Ever feel like you need a magnifying glass to read the label on a bottle?
If so, you’re not alone. In fact, trying to decipher the information crammed onto the packaging of any over-the-counter healthcare product is often an exercise in confusion and frustration for consumers.
And it’s not just the size of the print. It’s the ingredients, the directions for use, even the problem it’s supposed to solve!
Product packaging — especially the label — is one of the first points of interaction that a consumer has with a product. Making the information on the label clear and concise is crucial. Consumers need to know who and what the product is for, and how to use it, so they can determine whether or not it’s going to meet their needs.
This is true for any consumer packaged good (CPG) — but with pharma/ healthcare products, the stakes are even higher.
Labelling on the products needs to communicate much more about the product than just its benefits. It must provide information about the safe and proper use of the product as well.
From print that’s too small to read, to medical terms that laypeople don’t understand, how information is presented on healthcare product labels can mean the difference between the intended outcome and an adverse medical event — even for over-the-counter products.
Health Canada took this challenge seriously with their recent labelling initiative.
Plain Language Labelling: A Powerful Remedy
In an effort to improve the safe use of health products among Canadians, Health Canada introduced the Plain Language Labelling (PLL) Initiative for prescription drugs in 2015, and updated its guidelines to extend regulations to more products last year. The regulations came into effect for non-prescription drugs on June 13, 2017, with a full compliance deadline of June 30, 2021.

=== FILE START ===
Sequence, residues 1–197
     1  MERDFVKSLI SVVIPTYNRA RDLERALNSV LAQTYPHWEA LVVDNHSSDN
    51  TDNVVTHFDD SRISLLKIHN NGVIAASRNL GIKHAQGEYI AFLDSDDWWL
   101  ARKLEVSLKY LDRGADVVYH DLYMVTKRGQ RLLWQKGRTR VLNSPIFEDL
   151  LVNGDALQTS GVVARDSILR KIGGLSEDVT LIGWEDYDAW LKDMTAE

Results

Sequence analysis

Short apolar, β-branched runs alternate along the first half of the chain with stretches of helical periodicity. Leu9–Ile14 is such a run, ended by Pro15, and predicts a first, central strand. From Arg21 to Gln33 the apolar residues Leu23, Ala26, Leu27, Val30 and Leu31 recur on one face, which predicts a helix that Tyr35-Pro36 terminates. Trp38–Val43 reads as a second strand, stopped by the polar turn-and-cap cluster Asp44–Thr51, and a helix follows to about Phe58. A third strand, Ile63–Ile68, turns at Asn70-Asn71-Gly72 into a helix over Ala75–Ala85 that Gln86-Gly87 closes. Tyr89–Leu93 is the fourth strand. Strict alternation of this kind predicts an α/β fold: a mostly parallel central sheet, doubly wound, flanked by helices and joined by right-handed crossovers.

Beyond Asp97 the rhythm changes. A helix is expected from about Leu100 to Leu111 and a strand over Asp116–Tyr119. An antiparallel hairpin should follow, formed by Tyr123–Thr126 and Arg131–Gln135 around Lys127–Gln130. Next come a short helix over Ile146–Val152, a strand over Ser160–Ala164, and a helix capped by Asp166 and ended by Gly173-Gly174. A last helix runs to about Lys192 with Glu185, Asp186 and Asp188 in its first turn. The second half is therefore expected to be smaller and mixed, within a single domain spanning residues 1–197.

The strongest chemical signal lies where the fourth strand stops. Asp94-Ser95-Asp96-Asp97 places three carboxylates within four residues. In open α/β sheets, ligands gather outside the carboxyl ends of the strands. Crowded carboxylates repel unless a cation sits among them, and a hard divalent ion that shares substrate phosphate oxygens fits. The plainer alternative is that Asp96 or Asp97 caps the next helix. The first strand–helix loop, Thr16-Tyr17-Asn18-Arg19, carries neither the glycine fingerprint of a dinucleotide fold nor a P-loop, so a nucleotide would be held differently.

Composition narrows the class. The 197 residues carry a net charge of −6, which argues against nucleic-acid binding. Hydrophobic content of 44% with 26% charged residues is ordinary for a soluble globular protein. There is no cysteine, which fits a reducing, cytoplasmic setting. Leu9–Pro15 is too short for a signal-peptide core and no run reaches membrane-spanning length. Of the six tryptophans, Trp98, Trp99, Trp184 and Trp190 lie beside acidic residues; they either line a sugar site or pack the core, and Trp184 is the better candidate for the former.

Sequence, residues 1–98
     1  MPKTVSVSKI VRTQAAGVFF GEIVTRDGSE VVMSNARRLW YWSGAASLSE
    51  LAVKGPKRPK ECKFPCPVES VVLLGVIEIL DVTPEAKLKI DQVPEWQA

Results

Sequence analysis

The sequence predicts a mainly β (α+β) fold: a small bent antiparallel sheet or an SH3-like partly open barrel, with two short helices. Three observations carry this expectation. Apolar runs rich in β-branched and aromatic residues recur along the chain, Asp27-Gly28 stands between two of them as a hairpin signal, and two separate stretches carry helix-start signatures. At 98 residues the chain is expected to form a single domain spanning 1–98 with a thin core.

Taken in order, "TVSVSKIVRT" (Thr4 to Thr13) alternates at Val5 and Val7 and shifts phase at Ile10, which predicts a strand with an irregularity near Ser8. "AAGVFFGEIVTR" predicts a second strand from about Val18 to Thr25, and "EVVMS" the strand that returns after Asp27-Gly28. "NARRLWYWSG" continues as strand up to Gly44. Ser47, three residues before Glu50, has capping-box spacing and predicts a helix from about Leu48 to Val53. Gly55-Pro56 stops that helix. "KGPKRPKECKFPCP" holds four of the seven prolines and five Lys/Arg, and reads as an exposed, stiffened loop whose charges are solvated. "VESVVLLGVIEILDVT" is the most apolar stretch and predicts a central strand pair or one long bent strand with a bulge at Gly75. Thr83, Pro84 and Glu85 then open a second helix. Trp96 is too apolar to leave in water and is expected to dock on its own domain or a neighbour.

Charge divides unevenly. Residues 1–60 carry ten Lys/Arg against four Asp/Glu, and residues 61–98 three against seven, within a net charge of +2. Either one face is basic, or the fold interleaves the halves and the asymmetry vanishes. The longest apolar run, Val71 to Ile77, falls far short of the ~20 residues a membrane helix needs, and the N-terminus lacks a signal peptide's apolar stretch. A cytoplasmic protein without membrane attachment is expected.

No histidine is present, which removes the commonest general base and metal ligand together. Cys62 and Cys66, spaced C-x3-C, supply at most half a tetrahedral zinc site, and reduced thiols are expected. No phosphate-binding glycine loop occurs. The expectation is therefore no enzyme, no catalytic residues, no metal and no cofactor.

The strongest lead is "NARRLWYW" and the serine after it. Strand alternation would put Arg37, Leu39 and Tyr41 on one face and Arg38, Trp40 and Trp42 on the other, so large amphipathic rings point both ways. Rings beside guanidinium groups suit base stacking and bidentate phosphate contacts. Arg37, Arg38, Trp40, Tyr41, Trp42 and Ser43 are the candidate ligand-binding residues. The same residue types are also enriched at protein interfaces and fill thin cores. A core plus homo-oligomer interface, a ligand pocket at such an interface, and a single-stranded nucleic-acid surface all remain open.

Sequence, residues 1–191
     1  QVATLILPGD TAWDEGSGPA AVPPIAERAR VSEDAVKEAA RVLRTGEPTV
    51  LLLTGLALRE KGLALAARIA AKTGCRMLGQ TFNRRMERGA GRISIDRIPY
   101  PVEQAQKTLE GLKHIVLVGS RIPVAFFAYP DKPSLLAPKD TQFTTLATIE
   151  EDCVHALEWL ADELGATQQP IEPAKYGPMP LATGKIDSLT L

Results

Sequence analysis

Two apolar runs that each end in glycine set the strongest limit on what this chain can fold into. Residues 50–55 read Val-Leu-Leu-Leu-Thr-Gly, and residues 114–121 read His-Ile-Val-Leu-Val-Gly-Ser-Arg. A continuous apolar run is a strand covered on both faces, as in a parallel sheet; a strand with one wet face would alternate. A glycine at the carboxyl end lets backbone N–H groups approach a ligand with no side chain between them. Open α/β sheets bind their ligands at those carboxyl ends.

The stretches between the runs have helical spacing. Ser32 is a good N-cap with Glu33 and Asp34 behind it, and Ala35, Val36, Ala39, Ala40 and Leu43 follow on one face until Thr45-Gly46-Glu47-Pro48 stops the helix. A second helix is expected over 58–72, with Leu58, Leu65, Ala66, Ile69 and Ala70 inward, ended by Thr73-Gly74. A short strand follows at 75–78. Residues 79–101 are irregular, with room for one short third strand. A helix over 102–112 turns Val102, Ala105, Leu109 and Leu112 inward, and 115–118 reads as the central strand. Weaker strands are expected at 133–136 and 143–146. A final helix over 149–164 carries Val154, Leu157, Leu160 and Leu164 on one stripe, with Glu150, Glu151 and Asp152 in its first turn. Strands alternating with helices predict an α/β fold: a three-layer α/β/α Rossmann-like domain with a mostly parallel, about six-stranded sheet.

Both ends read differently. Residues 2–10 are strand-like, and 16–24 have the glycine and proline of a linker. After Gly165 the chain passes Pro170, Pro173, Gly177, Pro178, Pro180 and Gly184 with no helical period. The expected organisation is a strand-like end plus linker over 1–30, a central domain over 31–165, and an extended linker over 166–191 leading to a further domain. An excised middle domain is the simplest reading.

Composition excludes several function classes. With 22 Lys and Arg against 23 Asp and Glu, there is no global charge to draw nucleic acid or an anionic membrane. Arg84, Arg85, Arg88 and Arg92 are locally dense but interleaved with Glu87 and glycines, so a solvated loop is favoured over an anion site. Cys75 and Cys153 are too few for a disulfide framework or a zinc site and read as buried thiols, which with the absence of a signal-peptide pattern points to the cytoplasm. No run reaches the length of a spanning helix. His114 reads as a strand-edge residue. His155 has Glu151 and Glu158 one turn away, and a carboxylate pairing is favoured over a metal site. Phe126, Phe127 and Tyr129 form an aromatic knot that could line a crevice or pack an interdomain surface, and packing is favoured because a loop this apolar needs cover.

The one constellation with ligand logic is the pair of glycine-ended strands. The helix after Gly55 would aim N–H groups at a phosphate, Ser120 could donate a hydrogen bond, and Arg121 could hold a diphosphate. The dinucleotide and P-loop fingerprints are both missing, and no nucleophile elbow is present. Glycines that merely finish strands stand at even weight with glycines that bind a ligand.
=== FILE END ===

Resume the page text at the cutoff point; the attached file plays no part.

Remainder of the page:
The goal of the PLL initiative is simply to make the names, labels and packages for pharma/ health products easier for consumers to read and understand, thereby making their products safer to use.
In effect, the regulations are in place to help make sure that manufacturers are providing the right information, in the right place, so that anyone making a point-of-purchase decision will have all the data they need to make an informed choice.
For CPG’s, these new requirements might mean that you need to update your existing packaging and introduce newer packaging machinery. But the good news is that the new rules are common-sense, and a good packaging design company operating in the Canadian market (like Ravenshoe Group) can guide you through the process. Let’s take a look at the biggest changes.
1. Clear, Understandable, Plain Language
Let’s face it: Medical terminology and scientific lingo can be baffling to anyone who isn’t a scientist, a doctor or a pharmacist.
How is the average person looking for a remedy for “indigestion” going to know that the antacid package they’re holding is right for them, if the product label advertises a cure for “dyspepsia?” Basically, “plain language” just means that the label should use words that the general public understands the first time they read it, instead of a more technical term used in more scientific circles.
In addition, the information has to be prominently displayed.
The simpler the language and presentation, the easier it will be for consumers to evaluate the product and decide if it’s what they need.
2. Standardized Table Format for Drug Facts
In the past, CPG manufacturers tended to present key product data in blocks of text on the packaging label, without much contrast between the text and the background. What’s more, the placement of the information on the label varied from product to product.